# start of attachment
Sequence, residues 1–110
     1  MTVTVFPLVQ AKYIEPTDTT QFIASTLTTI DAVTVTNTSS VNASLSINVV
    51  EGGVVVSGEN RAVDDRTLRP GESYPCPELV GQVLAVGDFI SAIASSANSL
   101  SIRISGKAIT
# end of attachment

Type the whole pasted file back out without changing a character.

Sequence, residues 1–110
     1  MTVTVFPLVQ AKYIEPTDTT QFIASTLTTI DAVTVTNTSS VNASLSINVV
    51  EGGVVVSGEN RAVDDRTLRP GESYPCPELV GQVLAVGDFI SAIASSANSL
   101  SIRISGKAIT